You all must have heard about the Pavlov’s experiment on a dog. “It is a process of learning that has a major influence on our behavior. It is a type of learning that occurs through associations between stimulus in the environment and a naturally occurring stimulus.”
There are three stages of classical conditioning theory:
a. Before Conditioning: The first part requires the natural existing stimulus which will automatically elicit the response. For example, presenting a food naturally cause salivation, where presenting food or smell of food is Unconditional Stimulus (UCS) which results in salivation, an Unconditional Response (UCR). At this moment, Neutral Stimulus (a bell alone) has no effect on the response yet.
b. During Conditioning: During this phase, the Neutral Stimulus is paired with the unconditional stimulus. As a result of pairing, an association between neutral stimulus and unconditioned stimulus is formed which now results in a Conditional Stimulus (CS). For example, after triggering a bell (neutral stimulus) along with the smell of food (unconditional stimulus) multiple times, the sound of the bell alone will act as a Conditional Stimulus.
c. After Conditioning: The Conditional Stimulus will evoke the response even without the unconditional stimulus which now results in a Conditional Response (CR). For example, the conditioned response would be feeling hungry when the bell is rung.
Classical conditioning isn’t only for dogs. Human behavior is also influenced quite a bit through it. It occurs in our daily life, but we just fail to recognize them. There are plenty of daily life activities that are associated with classical conditioning theory. Some of them are listed below:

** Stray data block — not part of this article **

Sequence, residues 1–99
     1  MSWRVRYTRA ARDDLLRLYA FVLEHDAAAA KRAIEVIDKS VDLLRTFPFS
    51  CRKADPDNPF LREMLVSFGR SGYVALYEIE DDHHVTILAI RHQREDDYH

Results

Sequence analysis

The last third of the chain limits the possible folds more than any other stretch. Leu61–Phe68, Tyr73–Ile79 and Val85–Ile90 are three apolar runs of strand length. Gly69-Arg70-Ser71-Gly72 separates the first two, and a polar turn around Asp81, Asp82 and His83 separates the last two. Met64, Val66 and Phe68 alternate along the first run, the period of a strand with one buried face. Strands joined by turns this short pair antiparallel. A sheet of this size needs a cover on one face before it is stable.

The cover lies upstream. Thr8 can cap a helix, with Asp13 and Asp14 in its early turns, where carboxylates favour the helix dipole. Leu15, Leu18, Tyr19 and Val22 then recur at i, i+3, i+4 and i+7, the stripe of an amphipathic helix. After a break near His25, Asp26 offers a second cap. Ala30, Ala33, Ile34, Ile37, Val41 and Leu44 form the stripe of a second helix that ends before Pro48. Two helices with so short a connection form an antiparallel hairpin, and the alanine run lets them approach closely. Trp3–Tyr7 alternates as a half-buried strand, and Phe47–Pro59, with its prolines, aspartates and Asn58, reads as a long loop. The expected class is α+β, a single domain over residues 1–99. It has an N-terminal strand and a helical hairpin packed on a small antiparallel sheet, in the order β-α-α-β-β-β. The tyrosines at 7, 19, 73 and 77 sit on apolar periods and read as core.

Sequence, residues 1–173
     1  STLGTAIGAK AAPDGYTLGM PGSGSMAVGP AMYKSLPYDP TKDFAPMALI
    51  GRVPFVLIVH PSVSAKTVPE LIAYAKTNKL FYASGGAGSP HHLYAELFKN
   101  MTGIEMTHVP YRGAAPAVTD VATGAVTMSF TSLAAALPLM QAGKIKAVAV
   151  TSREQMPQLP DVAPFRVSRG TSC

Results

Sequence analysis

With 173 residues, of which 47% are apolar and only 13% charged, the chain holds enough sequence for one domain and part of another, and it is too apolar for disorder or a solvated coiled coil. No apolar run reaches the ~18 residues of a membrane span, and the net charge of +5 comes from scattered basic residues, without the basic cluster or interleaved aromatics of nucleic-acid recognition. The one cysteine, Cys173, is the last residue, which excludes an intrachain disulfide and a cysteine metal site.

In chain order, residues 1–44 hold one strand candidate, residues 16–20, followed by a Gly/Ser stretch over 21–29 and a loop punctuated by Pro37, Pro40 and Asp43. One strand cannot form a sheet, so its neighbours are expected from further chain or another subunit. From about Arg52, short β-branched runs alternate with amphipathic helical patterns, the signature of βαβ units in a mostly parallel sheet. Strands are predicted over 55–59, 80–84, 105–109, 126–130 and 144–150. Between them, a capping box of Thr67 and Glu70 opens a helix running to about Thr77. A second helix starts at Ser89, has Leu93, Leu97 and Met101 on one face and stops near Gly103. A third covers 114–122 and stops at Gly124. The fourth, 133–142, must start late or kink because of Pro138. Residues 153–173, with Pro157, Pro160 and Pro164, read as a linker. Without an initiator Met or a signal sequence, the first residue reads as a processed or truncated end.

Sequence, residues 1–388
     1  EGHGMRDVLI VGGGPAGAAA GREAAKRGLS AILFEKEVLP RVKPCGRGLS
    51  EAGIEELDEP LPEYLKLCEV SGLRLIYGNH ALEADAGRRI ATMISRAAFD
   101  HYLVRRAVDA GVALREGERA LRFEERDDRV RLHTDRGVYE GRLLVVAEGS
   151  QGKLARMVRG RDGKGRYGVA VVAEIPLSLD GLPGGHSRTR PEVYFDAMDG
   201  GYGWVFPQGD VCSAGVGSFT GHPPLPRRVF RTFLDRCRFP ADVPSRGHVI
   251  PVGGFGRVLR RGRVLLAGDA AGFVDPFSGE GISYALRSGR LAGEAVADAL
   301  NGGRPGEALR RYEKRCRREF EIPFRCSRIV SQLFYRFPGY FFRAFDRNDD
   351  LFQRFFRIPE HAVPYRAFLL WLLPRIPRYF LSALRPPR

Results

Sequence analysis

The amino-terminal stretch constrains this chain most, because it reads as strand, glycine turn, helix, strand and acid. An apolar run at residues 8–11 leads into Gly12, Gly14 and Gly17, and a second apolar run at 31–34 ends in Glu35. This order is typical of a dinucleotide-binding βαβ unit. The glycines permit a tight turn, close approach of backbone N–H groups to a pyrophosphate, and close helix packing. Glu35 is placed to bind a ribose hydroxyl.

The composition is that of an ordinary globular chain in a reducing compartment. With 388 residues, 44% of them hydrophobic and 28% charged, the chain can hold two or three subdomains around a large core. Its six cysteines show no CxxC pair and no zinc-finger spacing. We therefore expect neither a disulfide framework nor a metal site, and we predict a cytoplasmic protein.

1. Same Chime as your Cell Phone’s
Have you reflexively reached your cellphone while hearing the same chime as yours? Whenever we are around someone’s cellphone and hear their phone ringing as same as our phone, we reflexively reach to our phones and this is due to classical conditioning. Our body shows an unconditional response to the conditional stimulus.
We all get the desire to eat (a Conditional response) at a specific time of a day, say Lunchtime (Conditional stimulus), even though at sometimes, we are not hungry. Similarly, most of the time when we pass through a particular restaurant or cross a food street, we automatically develop a desire to eat rather, even though we do not feel hungry.
3. Getting Vaccinated at School
Do you remember getting vaccinated in a school as a child? As soon as a child starting crying after getting a shot of vaccination, the other students standing in the queue also starts crying. They have already associated the needle with the pain.
4. Association of Something with the Past
Do you have any particular song, object or place that reminds you of your past? When we listen to a specific song, come across any place or object, sometimes they usually remind us of our past incidents.
5. Post Traumatic Disorders
Have you ever been a victim of an accident in your life? People who have been through a traumatic experience may feel a rush of anxiety or respond with fear if they’re found stuck in a similar situation. For example, folks who have been a victim of a car accident may have a hard time stepping inside another vehicle again or who has been a victim of an animal bite may have developed a long time fear towards that animal, even at sometimes that particular animal might not be harmful.
The art of advertising can be considered as a classic case of classical conditioning. Companies make commercial advertisements to attract consumers. To make their products more lucrative, most of the companies use the brand value of celebrities in their advertisements. By associating these celebrities with their products, they try to enhance the market values of their products; as the consumers often get convinced by the campaigns of these celebrities for a particular product.
7. Phobias and Anxiety related Problems
Classical conditioning techniques are helpful to people to cope up with their phobias and anxiety related problem. Teachers in school apply this technique to decrease or remove the anxiety or phobia from the students. They pair an anxiety-provoking situation with pleasant surrounding and help the student to learn new association and behavior. This helps the student to remain calm and stressfree instead of feeling anxious. For example, a student suffering from a stage phobia when encouraged to perform on the stage repeatedly with a positive response, after some time, the phobia of the student will automatically vanish.